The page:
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Encryption is the REAL threat – Head Europlod

It’s all the tech firms' fault!

By Jennifer Baker, 31 Mar 2015

Europe’s top cop has taken to the BBC to once again slam encryption as the biggest threat to counter-terrorism and law enforcement.

Europol Director Rob Wainright said encrypted communications gave plods across the continent the biggest headaches, and his main gripe was with the IT companies that provide them.

“We are disappointed by the position taken by these tech firms and it only adds to our problems in getting to the communications of the most dangerous people that are abusing the internet,” he said.

He told the civil liberties committee of the European Parliament the same thing last November. Now he says there is “a significant capability gap” that must be closed.

“It's changed the very nature of counter-terrorist work from one that has been traditionally reliant on having good monitoring capability of communications to one that essentially doesn't provide that anymore,” he told the Beeb.

However, Wainright himself will not get his hands on any of that “capability”. According to Europol’s website, the organisation itself “has neither the technical equipment nor the legal authorisation to wiretap or monitor members of the public by any technological means".

"Any information being analysed by Europol is provided directly by the co-operating law enforcement agencies. Europol’s principal role is to gather, analyse and re-distribute data," he said in the interview.

That hasn’t stopped EU countries beefing up Europol with a new European Internet Referral Unit to find, identify and potentially remove websites used by terrorist groups.

National leaders across the EU have been calling for increased access to private communications since the Charlie Hebdo attacks in Paris. The European Council hopes the new unit will be up and running by June.

Meanwhile, tech companies will continue to boost end-to-end encryption after the Snowden revelations created a business case, as consumers demanded their communications be secured.

Dutch MEP Sophie In’t Veld said she found his comments (which echo those of UK PM David Cameron) extremely worrying. “What is next? Having a lock on the front door of your home being a criminal offence? Banning people from protecting their private communications is unacceptable in a democratic society. We are really on a slippery slope here."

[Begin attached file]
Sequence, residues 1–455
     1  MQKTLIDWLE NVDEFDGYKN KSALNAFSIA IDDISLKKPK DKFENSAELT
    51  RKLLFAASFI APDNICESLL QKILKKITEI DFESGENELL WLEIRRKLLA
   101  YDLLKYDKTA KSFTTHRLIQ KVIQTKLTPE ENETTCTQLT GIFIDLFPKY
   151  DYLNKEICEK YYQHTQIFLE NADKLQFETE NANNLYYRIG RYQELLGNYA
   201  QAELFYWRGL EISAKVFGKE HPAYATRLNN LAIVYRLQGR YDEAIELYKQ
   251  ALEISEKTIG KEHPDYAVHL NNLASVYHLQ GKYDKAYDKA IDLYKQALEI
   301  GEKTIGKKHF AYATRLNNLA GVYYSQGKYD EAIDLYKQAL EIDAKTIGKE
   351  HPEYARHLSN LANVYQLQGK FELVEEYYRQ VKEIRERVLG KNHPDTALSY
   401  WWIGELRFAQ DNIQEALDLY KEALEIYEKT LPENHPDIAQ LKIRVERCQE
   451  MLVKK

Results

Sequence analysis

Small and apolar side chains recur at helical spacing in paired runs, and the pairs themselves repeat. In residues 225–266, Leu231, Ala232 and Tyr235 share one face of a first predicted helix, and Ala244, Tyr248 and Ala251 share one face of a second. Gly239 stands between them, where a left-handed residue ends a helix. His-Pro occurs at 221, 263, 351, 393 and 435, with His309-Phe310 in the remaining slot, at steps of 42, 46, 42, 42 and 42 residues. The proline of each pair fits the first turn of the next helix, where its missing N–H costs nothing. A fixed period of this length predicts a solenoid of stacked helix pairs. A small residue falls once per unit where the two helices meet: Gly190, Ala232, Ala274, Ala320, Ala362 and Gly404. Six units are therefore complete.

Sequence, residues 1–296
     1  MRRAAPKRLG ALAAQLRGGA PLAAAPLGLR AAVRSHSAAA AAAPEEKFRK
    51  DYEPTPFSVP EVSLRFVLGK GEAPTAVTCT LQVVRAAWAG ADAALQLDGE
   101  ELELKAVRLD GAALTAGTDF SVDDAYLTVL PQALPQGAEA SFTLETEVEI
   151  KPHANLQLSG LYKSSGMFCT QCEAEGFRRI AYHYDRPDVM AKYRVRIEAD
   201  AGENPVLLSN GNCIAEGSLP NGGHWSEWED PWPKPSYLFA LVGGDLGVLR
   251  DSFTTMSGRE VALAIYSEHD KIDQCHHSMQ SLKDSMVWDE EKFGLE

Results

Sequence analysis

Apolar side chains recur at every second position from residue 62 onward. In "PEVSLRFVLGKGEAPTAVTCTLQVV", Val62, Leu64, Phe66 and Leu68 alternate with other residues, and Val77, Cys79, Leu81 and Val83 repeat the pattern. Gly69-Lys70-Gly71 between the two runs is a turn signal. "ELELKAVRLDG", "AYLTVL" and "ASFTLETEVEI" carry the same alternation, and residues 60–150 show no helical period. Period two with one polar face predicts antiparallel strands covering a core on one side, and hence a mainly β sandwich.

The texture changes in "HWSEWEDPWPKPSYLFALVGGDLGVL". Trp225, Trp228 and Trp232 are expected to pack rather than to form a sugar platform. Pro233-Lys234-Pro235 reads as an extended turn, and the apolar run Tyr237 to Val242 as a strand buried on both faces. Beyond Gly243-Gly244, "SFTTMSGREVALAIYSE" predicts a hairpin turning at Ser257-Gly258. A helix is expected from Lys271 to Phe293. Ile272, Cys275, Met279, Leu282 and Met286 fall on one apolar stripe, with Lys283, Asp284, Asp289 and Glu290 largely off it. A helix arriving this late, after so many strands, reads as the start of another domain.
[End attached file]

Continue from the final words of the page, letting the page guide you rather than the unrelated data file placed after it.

"Not only individual citizens have a right to privacy, but journalists, politicians, lawyers, whistleblowers, NGOs, etc must be able to communicate freely, safely and knowing they are unobserved,” she added.

“There seems to be no limit to the appetite of secret services to know EVERYTHING about us, without being subject to any meaningful kind of oversight or bound by laws,” continued In’t Veld.

“He believes all of this is caused by the 'revelations' on NSA mass surveillance. "One would think it was the secret and illegal mass surveillance itself, not the fact it was revealed, that has breached trust,” said In’t Veld.

Earlier this month, NSA whistleblower Snowden indicated he is ready to return to the US, according to his Russian lawyer.

However, the former sysadmin – who is central in the biggest single leak of classified intelligence – would only return on condition that he was promised a fair trial.

The former NSA contractor has been in Russia since 2013 after hot footing it to the country via Hong Kong after leaking a huge cache of classified national security files to journalists.

Snowden was given political asylum in Russia in the summer of 2013 which has since been extended to three years residency permit. He lives a "reclusive life", according to AFP. ®

The Register - Independent news and views for the tech community. Part of Situation Publishing